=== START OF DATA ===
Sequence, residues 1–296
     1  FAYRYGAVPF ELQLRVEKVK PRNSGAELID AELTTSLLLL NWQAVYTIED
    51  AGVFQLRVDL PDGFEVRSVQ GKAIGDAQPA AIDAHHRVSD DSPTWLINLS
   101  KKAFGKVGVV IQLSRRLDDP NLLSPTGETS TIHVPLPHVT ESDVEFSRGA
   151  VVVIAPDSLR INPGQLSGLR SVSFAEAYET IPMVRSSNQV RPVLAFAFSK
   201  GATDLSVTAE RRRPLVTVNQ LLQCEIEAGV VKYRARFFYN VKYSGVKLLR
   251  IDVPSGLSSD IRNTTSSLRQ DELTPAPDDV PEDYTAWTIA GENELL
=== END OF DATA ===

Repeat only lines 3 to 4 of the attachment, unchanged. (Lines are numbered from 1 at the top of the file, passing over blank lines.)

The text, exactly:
    51  AGVFQLRVDL PDGFEVRSVQ GKAIGDAQPA AIDAHHRVSD DSPTWLINLS
   101  KKAFGKVGVV IQLSRRLDDP NLLSPTGETS TIHVPLPHVT ESDVEFSRGA